With Our Powers Combined

SparkShare brings diverse teens together to work through the tough stuff

A teen participant at a SparkShare Fall 2018.

When racist, homophobic, and antisemitic graffiti showed up on the campus of Needham High School, a group of students in that Boston suburb sought to change the culture by looking beyond school walls. They solicited advice from young people in Boston about how they deal with racial challenges. They talked with community organizers about how to build coalitions. Then they urged their school administration to take action, prompting Needham High to create a new course on race, history, and self-reflection and make conversations on race part of all ninth-grade science classes.

SparkShare, a Boston-based nonprofit, made those connections possible. Cofounded in 2014 by clinical social worker Marsha Alperin, J81, social entrepreneur Neil Silverston, A83, A19P, and nonprofit consultant Victoria Rakov, SparkShare is creating a network that introduces teens “to people they wouldn’t connect with otherwise, helping them get skills they wouldn’t otherwise and see that they’re part of something bigger than themselves,” said executive director Silverston, who helped create the service organization City Year in the 1980s.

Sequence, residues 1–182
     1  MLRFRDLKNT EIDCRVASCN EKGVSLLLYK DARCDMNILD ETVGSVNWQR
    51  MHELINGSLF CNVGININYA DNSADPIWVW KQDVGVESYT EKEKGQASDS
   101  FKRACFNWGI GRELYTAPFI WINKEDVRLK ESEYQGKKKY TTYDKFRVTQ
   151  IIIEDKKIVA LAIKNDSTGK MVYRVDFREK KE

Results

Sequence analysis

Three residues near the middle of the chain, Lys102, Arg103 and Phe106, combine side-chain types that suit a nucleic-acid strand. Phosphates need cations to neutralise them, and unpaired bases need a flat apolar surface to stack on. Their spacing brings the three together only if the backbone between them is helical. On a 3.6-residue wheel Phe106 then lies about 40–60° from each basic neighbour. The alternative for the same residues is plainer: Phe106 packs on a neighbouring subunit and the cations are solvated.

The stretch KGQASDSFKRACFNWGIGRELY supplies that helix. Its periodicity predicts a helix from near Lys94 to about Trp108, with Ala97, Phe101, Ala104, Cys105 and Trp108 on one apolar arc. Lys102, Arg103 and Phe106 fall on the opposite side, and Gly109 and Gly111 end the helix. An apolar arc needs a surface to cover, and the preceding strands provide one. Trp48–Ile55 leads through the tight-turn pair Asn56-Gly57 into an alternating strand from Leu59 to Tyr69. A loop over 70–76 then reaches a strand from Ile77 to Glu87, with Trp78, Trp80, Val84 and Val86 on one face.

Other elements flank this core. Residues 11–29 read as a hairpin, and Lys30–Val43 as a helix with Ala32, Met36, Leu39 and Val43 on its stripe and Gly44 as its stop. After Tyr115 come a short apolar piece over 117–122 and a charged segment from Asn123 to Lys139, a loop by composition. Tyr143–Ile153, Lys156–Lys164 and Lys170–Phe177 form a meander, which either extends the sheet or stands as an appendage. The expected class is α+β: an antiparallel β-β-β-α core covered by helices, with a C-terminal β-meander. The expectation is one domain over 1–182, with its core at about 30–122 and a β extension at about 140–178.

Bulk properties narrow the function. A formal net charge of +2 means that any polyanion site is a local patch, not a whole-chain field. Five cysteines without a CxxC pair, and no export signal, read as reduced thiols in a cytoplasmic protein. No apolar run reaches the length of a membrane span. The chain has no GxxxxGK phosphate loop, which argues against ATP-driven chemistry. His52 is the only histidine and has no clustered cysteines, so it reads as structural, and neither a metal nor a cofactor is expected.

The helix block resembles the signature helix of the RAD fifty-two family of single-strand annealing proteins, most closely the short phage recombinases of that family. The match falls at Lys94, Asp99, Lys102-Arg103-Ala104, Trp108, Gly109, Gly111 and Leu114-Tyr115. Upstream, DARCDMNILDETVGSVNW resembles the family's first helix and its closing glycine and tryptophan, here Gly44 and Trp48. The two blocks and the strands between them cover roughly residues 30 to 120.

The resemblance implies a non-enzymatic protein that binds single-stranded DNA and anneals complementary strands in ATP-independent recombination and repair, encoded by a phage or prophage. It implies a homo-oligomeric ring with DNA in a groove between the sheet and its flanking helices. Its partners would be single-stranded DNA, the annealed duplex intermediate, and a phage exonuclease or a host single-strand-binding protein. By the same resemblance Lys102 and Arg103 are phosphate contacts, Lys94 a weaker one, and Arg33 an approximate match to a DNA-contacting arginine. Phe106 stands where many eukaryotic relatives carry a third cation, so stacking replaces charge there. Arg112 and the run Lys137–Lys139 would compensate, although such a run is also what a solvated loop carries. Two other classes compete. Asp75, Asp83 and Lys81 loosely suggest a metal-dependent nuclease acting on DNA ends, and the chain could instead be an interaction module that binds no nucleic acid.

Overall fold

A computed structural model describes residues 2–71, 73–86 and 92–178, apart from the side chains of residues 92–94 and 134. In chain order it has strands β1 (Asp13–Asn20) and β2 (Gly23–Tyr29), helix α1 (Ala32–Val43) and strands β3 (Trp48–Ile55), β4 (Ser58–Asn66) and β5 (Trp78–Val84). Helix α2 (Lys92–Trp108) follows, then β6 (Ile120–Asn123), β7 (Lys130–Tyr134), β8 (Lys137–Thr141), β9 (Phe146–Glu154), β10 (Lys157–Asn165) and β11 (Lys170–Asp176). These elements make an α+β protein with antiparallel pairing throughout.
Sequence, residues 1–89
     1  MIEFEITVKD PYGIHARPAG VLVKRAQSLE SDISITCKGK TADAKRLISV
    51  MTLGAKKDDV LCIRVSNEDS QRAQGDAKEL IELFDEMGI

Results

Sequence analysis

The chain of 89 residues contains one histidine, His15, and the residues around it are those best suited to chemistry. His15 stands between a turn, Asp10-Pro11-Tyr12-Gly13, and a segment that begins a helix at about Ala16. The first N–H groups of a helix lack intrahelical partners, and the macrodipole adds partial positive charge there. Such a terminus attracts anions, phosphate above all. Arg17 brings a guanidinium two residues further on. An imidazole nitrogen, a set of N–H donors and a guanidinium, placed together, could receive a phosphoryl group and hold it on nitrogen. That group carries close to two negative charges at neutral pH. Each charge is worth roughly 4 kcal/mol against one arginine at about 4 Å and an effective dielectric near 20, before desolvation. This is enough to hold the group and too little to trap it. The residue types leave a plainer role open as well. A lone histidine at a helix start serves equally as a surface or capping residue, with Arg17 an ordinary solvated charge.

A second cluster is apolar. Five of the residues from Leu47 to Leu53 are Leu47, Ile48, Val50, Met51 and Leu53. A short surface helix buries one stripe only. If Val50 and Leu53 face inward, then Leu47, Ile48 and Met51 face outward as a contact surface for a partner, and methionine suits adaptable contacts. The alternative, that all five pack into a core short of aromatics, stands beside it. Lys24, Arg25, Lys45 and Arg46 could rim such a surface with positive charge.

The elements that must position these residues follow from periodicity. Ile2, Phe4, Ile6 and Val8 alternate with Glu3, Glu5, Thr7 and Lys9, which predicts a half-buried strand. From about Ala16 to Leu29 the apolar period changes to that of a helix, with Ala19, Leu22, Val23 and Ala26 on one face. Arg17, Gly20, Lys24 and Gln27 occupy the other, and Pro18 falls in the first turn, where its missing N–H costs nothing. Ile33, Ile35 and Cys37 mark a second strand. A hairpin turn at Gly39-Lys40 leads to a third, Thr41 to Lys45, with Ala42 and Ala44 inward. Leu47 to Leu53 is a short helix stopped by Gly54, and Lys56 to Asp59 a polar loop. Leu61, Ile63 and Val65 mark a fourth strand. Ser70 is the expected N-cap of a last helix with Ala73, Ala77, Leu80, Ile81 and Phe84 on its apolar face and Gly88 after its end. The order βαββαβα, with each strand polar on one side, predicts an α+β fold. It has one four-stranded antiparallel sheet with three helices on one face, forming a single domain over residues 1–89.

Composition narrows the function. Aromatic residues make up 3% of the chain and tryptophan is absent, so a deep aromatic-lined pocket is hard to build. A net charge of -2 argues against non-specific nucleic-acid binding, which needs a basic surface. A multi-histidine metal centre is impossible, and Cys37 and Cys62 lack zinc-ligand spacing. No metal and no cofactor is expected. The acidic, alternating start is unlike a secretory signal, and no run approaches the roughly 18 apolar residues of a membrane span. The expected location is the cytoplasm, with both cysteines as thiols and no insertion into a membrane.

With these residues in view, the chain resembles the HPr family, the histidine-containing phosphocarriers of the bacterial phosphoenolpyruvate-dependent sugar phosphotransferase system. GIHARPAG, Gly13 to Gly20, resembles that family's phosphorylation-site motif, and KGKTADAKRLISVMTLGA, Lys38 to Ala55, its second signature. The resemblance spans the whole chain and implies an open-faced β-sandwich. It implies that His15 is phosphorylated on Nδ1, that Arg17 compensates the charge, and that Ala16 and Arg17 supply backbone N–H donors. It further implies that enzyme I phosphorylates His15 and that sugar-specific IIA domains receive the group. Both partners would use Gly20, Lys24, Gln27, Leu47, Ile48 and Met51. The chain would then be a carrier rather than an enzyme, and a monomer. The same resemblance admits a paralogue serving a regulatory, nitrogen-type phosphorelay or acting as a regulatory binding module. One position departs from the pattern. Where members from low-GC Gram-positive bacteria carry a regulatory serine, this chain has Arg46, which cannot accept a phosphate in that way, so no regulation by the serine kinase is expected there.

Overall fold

At SparkShare summits, students of all races, ethnicities, and economic backgrounds work with community leaders, educators, and business people from across Greater Boston. “It’s really a bunch of diverse experiences coming together, in a space where they are all equal,” Silverston said. So students from the suburbs get to hear from urban teens, and a youth task force in Boston campaigning against substance abuse gets messaging advice from Emerson College communication pros.  

The organization fosters leadership skills, coaches teens on how to talk about their mission so people get it, and teaches them to gather facts to support their causes. Students complaining of ninety-degree heat in their classrooms, for example, collect temperatures from other schools to see how widespread the issue is. “They are able to see each other as problem solvers, not stereotypes,” Silverston said. “If we’re going to create the next generation of change makers, then people need to be able to work effectively across communities.”

The best part, he said, is that once one group seeks advice from another on an issue, they are each invested in the outcome. “People see a problem is not just my problem, or not just your problem, but our problem, a problem that we all have to address.”

Julie Flaherty can be reached at julie.flaherty@tufts.edu

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